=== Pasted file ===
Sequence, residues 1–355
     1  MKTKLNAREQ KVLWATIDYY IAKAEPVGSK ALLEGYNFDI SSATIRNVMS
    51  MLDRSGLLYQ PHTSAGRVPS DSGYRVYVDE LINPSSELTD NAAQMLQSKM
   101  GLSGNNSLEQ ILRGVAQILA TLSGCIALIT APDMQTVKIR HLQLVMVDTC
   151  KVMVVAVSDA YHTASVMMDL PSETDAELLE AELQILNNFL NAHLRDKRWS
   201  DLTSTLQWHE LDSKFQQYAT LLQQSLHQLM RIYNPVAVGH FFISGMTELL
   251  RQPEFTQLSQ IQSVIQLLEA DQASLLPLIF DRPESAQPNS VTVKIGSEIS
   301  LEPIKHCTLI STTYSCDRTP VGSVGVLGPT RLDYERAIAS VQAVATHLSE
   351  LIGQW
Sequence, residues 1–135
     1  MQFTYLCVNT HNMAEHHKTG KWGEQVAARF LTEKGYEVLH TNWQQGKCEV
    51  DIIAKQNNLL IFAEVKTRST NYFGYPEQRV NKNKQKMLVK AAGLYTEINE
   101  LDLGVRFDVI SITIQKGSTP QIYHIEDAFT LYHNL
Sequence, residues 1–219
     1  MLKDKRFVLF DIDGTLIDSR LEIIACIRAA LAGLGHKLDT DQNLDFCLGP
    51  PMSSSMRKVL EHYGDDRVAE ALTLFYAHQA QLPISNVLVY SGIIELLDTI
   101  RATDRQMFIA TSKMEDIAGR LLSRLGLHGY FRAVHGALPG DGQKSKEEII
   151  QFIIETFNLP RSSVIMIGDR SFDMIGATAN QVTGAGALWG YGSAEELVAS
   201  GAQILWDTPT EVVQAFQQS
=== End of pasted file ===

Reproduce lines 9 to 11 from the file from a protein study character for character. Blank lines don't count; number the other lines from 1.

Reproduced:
   351  LIGQW
Sequence, residues 1–135
     1  MQFTYLCVNT HNMAEHHKTG KWGEQVAARF LTEKGYEVLH TNWQQGKCEV